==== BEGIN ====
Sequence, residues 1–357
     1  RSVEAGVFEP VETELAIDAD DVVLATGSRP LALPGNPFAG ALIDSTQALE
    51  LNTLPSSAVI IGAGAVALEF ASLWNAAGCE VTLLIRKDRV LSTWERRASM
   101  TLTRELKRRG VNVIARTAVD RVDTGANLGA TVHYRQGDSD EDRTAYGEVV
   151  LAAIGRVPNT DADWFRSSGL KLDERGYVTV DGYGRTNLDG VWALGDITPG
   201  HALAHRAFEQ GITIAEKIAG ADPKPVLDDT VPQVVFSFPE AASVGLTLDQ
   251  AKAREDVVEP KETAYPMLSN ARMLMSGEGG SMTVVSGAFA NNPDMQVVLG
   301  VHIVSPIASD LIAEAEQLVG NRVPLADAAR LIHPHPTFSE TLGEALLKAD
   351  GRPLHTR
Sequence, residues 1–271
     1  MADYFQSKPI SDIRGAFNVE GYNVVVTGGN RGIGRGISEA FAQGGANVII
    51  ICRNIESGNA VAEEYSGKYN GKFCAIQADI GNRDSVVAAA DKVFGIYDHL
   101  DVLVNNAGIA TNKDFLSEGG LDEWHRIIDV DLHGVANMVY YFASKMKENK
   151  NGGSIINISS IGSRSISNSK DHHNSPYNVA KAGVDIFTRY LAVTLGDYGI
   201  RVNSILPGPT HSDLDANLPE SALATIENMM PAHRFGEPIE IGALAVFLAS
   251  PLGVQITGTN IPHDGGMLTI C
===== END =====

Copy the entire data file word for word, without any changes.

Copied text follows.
Sequence, residues 1–357
     1  RSVEAGVFEP VETELAIDAD DVVLATGSRP LALPGNPFAG ALIDSTQALE
    51  LNTLPSSAVI IGAGAVALEF ASLWNAAGCE VTLLIRKDRV LSTWERRASM
   101  TLTRELKRRG VNVIARTAVD RVDTGANLGA TVHYRQGDSD EDRTAYGEVV
   151  LAAIGRVPNT DADWFRSSGL KLDERGYVTV DGYGRTNLDG VWALGDITPG
   201  HALAHRAFEQ GITIAEKIAG ADPKPVLDDT VPQVVFSFPE AASVGLTLDQ
   251  AKAREDVVEP KETAYPMLSN ARMLMSGEGG SMTVVSGAFA NNPDMQVVLG
   301  VHIVSPIASD LIAEAEQLVG NRVPLADAAR LIHPHPTFSE TLGEALLKAD
   351  GRPLHTR
Sequence, residues 1–271
     1  MADYFQSKPI SDIRGAFNVE GYNVVVTGGN RGIGRGISEA FAQGGANVII
    51  ICRNIESGNA VAEEYSGKYN GKFCAIQADI GNRDSVVAAA DKVFGIYDHL
   101  DVLVNNAGIA TNKDFLSEGG LDEWHRIIDV DLHGVANMVY YFASKMKENK
   151  NGGSIINISS IGSRSISNSK DHHNSPYNVA KAGVDIFTRY LAVTLGDYGI
   201  RVNSILPGPT HSDLDANLPE SALATIENMM PAHRFGEPIE IGALAVFLAS
   251  PLGVQITGTN IPHDGGMLTI C